Tuesday, September 29, 2015

British Columbia by Boat Day 5: Westview

True to our word, we got up at 6:00am, had a quick breakfast and coffee, and then left the dock, leaving Bowen island. It took us the better part of 60 minutes to actually leave the tip of Bowen island, illustrating again to us how giant Bowen island was.

The morning was beautiful, but there was next to no wind. Whenever we saw a boat with sails up, it would inevitably turn out that they would be motoring with the sails up for show. We passed several candidates for stopping for the night as we got to them too early: Smugglers Cove, Pender Harbor, We discovered that the starboard head wasn't working. The same owner who thought eliminating a V-berth was a good idea no doubt thought that an electric head would be just the thing to impress the folks. Unfortunately, those things are much less reliable than manual heads, and us charter people are the people to find out about that.

A call back to Aubrey gave us a bunch of trouble-shooting tips that weren't actually helpful, but since we were near the Powell River base, I thought we'd find out if their local mechanic could help us. The prospect of a working head therefore, drew us into Westview harbor under the direction of the harbormaster for both fuel and a slip for the night.

As we pulled into the harbor, we were told to back off and wait a bit while a giant motorboat "The Majestik" was leaving the fuel dock and making her way to her slip. I held off and saw this huge boat coming off the dock, with the skipper chattering with the harbor master asking questions. The harbor master seemed a little flustered but he managed to maneuver around the large piling in the middle of the harbor despite her misdirections.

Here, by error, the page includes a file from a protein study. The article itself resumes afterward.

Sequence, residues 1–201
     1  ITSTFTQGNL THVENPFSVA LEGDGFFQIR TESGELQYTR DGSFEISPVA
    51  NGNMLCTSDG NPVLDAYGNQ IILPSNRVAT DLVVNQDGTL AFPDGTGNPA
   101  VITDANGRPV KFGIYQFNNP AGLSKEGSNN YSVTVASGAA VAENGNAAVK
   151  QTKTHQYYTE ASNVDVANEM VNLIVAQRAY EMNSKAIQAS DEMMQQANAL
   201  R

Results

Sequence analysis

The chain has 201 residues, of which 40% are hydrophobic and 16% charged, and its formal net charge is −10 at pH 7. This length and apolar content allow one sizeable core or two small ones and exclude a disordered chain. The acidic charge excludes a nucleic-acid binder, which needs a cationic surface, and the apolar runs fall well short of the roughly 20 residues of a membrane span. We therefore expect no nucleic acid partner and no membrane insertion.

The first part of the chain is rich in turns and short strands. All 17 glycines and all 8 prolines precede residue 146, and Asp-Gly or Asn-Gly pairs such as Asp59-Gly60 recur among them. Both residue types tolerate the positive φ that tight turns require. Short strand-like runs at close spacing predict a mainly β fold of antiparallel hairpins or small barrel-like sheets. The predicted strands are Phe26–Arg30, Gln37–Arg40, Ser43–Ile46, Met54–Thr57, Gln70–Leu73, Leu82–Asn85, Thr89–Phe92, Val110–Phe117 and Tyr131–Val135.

We soon pulled into the fuel dock and filled up with both water and fuel. We then hosed down the head so it wouldn't stink from all our attempts to fix the head, and then headed over to the slip. I parked the boat gingerly while an audience of fellow yachtsmen watched to see if I was an incompetent who would destroy both my boat and theirs. The skipper of the Majestik impressed me by coming over and saying, "Want some help?" I said I'd never turn it down, and he quickly said, "Well, sometimes the help makes things worse."
After parking the boat to my satisfaction, everyone got off the boat while I waited for Larry, Cooper's Powell River manager to come by and see if he could fix our problem. My heart sank when I saw that the only tool he carried was a plunger! No amount of plunging helped, and I soon realized I was going to be stuck with one head for the rest of the trip. I did discover another idiotic thing the electric head did, however, which was to flush the toilet with fresh water, rather than salt water. Whatever it was that went on in the head of the owner of the Stray Cat, it wasn't one that concerned itself with long term cruising.

Since we didn't have an oven, we decided to figure out if the BBQ could bake frozen pizza. It turned out that it did, and did a fairly good (if slow) job at it. We made more friends with the owner of the Majestik, and he showed us aboard his luxury motor-yacht. With twin engines producing horsepower into the 4 figures, he could cruise at 20 knots and had a maximum speed of 30 knots. Throughout the rest of the trip, I would kick myself for not realizing that the Pacific Northwest wasn't a sailing destination, but was really a motorboat destination: one best served by motor-yachts such as Michael's.

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